|Laura-C-F, CC By-SA 3.0|
While referring those who advocate Islamic theocracy during a recent discussion with Ayaan Hirsi Ali, Maajid Nawaz recommended that we "call them out" in order to make their ideas "a taboo."
After watching a recent discussion on Islam between Maajid Nawaz and Ayaan Hirsi Ali (see the video below), I found myself pondering a question that should be relevant to atheists and freethinkers who value the free expression of ideas. Someone asked a question from the audience about how the discussants would balance the right to free expression (i.e., our right to criticize Islam) with concerns over "hate speech" (i.e., some of the critics of Islam may be motivated by racism and/or xenophobia). I think this is an important question and one with which many of us have struggled. But what prompted me to post about it is that something in Nawaz's response caught me off guard.
Not surprisingly, both he and Hirsi Ali came down on the side of free expression. I believe Hirsi Ali even described herself as a "free speech fundamentalist" or something along those lines. Starting right about 36:58, Nawaz said that he opposes no-platforming and "safe spaces" and that he believes that the answer to hate speech is more speech. I couldn't agree more. When it comes to dealing with bad ideas, I think it is a mistake to attempt to stifle their expression.
But then he said something that seemed to go in the other direction. He said that the way to handle non-violent extremists is to "call them out" like we did with racism, homophobia, and anti-Semitism. Our goal, he said, should be "to make it a taboo." Now, he was referring to "Muslim theocrats" when he said this. That is, he was saying that he wants to make advocating Islamic theocracy as taboo as racism and the like; however, it sounded to me like the general principle he's advocating is that make whatever we consider hate speech socially unacceptable through call outs and condemnation. Would public shaming fit here too? Aren't these tactics designed to reduce speech we don't like rather than encourage more of it?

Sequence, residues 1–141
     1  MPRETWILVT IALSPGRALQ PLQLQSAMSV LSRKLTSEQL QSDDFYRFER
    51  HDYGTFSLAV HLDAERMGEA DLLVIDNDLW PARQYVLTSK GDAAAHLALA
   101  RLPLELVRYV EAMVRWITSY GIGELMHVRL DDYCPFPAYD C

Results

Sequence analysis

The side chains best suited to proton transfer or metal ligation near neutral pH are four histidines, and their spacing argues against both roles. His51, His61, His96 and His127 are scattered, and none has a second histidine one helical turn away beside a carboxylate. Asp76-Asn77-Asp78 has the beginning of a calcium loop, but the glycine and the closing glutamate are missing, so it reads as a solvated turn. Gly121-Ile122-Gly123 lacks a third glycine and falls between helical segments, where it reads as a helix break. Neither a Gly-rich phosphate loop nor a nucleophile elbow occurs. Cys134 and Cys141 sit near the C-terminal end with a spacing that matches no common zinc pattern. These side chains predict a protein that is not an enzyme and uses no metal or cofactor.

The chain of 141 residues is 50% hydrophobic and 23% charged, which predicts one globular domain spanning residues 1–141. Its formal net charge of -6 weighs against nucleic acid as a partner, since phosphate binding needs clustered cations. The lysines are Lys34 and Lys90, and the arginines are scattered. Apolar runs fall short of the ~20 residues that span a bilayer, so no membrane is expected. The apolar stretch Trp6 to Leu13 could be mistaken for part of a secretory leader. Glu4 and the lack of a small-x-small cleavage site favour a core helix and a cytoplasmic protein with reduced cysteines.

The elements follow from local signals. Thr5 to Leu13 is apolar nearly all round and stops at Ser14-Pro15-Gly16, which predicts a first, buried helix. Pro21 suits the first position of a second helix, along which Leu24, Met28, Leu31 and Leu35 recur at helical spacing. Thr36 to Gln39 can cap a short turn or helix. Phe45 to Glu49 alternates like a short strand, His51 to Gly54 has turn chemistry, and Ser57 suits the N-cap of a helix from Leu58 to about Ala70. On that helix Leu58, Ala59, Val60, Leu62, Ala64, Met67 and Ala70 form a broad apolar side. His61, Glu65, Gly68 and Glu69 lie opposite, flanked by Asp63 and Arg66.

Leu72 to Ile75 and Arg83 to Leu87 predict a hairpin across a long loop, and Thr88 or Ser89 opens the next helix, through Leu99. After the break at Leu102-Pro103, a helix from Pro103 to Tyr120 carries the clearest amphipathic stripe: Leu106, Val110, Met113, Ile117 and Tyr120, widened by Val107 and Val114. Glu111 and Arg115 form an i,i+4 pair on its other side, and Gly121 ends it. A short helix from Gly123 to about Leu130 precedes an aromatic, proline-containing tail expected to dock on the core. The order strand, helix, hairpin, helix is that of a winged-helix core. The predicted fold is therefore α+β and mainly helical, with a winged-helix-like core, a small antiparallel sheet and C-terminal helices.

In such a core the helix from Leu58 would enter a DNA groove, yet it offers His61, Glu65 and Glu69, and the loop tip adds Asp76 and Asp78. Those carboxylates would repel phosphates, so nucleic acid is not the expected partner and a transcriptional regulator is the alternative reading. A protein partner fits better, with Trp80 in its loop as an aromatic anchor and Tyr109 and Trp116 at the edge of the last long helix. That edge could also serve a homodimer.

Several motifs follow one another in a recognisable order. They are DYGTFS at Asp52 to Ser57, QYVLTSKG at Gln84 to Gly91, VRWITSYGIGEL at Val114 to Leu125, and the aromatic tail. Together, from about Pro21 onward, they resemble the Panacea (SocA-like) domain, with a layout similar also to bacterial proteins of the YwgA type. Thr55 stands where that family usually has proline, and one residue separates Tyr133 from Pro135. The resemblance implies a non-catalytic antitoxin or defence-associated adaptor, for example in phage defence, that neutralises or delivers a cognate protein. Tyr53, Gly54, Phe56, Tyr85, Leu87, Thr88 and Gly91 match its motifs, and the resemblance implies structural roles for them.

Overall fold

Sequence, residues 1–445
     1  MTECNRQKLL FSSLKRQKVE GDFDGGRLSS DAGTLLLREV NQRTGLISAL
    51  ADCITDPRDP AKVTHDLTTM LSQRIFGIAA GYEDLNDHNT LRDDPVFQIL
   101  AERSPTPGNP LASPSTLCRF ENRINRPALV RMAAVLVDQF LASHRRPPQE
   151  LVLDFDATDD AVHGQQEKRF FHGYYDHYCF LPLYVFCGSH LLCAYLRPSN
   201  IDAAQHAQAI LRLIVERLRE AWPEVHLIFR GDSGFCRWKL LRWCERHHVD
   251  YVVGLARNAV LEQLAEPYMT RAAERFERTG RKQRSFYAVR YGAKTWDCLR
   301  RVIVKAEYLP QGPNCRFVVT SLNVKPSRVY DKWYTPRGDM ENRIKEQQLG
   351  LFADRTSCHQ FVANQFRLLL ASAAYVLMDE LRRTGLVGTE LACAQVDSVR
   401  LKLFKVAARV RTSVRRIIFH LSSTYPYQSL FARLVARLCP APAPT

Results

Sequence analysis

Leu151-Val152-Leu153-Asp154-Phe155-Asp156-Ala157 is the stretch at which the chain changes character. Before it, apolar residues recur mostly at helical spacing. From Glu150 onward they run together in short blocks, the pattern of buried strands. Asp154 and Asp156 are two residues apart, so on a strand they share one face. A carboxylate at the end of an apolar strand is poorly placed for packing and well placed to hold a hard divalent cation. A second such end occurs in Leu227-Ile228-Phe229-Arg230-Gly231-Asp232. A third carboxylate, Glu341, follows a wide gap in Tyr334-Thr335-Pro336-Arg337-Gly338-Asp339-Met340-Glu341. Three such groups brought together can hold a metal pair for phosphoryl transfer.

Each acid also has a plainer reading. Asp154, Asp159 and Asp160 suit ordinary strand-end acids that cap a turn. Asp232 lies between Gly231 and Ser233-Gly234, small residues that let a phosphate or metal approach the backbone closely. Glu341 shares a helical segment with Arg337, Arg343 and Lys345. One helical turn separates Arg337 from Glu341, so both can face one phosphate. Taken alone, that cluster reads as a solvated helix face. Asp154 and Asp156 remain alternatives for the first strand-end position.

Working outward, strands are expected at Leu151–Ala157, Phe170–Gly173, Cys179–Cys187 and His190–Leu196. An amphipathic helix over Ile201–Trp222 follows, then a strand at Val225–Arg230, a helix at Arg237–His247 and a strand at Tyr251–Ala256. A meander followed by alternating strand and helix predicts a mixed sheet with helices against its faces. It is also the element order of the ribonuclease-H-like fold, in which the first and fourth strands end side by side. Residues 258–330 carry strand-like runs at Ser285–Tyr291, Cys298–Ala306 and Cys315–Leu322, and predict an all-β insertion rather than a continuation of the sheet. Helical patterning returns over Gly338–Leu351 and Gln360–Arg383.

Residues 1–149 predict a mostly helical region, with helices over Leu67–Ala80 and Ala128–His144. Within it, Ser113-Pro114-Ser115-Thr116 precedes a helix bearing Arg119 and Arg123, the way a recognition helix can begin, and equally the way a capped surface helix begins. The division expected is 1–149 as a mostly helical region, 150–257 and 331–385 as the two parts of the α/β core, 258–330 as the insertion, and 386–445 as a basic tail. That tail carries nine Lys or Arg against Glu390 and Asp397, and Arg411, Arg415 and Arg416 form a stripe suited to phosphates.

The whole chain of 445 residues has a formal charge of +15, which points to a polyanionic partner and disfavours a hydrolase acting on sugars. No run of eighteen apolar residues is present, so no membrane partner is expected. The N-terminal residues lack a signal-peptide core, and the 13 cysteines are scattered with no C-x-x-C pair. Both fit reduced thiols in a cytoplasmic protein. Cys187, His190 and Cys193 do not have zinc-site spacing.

Maybe I'm misunderstanding or reading too much into this, but it seems like Nawaz was suggesting that the antidote to hate speech is more speech and then recommending that we bring social pressures to bear in order to make what we consider hate speech socially unacceptable. I'm not entirely sure how to reconcile what strike me as contradictory approaches. It seems that trying to make something a taboo is about trying to prevent the expression of ideas we do not like.
Suppose that a group of fundamentalist Christians decided to adopt a strategy of making it taboo to criticize Jesus. Wouldn't this necessarily mean that they were hoping to eliminate or at least reduce speech critical of Jesus? And if so, wouldn't many atheists and freethinkers bristle at the idea? I guess I'm not sure how trying to make something a taboo can be reconciled with support for the free expression of ideas unless one defines free speech so narrowly that it only involves the application of state power.
When it comes to how we made the progress we have made with regard to racism, homophobia, and anti-Semitism, it seems to me that we accomplished far more with education than we did with our call out culture. If these things are now taboo, I think they are taboo more because we helped people to understand why they are bad ideas rather than penalizing their expression.